Meaning of 'unfair'
A term in a standard form small business contract is 'unfair' if:
- it would cause a significant imbalance in the parties’ rights and obligations arising under the contract
- the term is not reasonably necessary to protect the legitimate interests of the party that would benefit from its inclusion
- the term would cause financial or other detriment (e.g. delay) to a small business if it were to be applied or relied on.
Transparency of the term
A term is considered to be 'transparent' if it is:
- expressed in reasonably plain language
- presented clearly
- readily available to any party affected by the term.
Terms that may not be transparent include terms that are hidden in the fine print or schedules, or terms that are phrased in legal, complex or technical language. However, a term that is transparent could still be found to be unfair.
The contract as a whole
The court must also assess the fairness of a particular term in the context of the contract as a whole, including any other terms that may offset the fairness of the term.
For example, a potentially unfair term may be counterbalanced by additional benefits being offered to the other party. This means that a term could be unfair in one contract but not unfair in another.
Examples of unfair terms
The following examples contain some small business contract terms that may raise concerns under the unfair contract terms law.
Example 1: Lender's legitimate interests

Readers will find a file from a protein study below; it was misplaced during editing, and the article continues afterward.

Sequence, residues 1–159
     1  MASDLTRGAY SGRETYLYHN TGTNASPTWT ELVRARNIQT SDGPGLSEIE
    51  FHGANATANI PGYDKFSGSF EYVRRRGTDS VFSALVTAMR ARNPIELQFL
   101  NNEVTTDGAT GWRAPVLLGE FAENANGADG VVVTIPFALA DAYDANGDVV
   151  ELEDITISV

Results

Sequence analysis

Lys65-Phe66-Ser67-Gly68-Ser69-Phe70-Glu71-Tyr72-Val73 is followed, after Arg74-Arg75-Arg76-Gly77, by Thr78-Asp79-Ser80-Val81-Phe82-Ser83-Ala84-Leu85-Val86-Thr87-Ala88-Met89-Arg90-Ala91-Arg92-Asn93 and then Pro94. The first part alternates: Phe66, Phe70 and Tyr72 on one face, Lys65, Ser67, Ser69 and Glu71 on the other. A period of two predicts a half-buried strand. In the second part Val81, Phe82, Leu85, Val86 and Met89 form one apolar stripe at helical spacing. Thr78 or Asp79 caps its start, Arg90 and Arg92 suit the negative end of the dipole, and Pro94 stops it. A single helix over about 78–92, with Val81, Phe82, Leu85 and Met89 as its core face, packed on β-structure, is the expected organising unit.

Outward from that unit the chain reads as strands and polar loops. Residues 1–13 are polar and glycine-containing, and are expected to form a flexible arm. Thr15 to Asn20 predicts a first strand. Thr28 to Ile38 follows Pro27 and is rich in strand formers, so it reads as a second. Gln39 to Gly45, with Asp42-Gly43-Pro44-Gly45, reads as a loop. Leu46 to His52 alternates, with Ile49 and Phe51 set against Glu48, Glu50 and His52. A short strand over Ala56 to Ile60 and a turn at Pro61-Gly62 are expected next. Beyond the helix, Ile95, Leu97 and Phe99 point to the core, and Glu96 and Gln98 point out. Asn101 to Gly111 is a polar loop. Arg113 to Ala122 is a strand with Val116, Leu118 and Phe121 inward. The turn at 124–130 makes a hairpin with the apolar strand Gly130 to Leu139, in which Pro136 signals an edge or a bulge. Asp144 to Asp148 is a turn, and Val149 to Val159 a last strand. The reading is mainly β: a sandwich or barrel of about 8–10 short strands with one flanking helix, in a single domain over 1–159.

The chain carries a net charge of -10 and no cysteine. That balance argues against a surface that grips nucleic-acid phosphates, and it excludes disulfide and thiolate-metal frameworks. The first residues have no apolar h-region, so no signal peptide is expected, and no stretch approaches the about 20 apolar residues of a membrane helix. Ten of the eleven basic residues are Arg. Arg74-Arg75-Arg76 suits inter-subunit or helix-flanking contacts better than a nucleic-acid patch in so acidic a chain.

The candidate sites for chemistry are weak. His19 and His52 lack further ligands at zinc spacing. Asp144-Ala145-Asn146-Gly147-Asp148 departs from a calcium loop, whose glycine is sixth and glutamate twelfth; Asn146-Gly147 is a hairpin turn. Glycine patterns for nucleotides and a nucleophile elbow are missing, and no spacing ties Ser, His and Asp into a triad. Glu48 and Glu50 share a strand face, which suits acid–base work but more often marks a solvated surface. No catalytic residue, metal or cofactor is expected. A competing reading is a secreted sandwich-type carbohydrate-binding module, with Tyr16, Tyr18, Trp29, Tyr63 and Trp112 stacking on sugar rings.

A small business seeks finance which is secured by a mortgage over the home of the business. The contract contains a term under which a default by the small business borrower results in the small business being liable to pay large and excessive default fees. This may result in a transfer of equity from the small business to the lender.
This term is likely to be unfair as it imposes an unfair cost on the small business that appears to exceed the amount required to protect the lender's legitimate interests.
Example 2: Automatic rollover
A small business enters into a fixed-term lease. At the end of the lease term, unless it elects to purchase the goods or has made arrangements to return the goods, the small business is automatically entered into another fixed-term lease. To exit this new lease contract, early termination fees apply.
The term is likely to raise concerns under the unfair contract terms law as it allows the lessor to automatically renew the contract without the small business giving its consent.
The term would be less likely to raise concerns if the small business were able to immediately end the new lease without consequence.
Example 3: Right to unilaterally vary the contract
A small business enters into a loan contract. Under a term of the contract, the lender has the right to vary any term or condition of the contract, including interest or fees, if notice is given in writing. The small business does not have the right to end the contract, even if the lender increases its fees significantly (e.g. by 20%).
The term is likely to raise concerns under the unfair contract terms law as it allows the lender to unilaterally increase the price.
If an additional term were included stating that, if the price or services change, the small business is able to immediately cancel the contract without consequence, the original term would be less likely to raise concerns.
If a court finds that a term in a contract is unfair, it can make a range of orders, including:
- declaring all or part of a contract to be void
- varying a contract
- refusing to enforce some or all of the terms of a contract or arrangement